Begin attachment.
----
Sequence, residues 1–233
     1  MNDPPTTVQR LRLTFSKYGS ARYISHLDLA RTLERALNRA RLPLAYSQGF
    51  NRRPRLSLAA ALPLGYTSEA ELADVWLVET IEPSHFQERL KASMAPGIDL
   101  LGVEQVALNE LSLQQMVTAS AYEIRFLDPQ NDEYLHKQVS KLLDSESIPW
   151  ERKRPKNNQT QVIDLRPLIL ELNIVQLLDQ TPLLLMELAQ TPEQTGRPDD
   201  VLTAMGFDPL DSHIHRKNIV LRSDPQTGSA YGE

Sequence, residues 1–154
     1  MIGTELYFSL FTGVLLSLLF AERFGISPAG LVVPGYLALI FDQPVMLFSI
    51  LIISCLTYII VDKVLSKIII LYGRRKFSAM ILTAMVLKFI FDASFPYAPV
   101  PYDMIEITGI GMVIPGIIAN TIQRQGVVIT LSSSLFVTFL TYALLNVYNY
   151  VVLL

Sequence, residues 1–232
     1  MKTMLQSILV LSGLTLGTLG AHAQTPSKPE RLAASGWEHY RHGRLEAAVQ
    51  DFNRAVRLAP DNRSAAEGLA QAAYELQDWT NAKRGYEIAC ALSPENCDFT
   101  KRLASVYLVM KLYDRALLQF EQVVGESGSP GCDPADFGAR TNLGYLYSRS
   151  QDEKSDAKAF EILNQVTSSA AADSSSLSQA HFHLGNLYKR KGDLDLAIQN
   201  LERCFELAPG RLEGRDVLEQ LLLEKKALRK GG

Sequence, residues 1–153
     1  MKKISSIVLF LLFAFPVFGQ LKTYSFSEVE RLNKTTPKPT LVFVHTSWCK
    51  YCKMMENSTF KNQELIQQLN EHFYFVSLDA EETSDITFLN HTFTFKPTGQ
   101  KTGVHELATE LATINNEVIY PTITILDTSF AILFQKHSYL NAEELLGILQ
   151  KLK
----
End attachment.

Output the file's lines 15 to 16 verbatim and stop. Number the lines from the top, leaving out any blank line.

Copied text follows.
   101  KRLASVYLVM KLYDRALLQF EQVVGESGSP GCDPADFGAR TNLGYLYSRS
   151  QDEKSDAKAF EILNQVTSSA AADSSSLSQA HFHLGNLYKR KGDLDLAIQN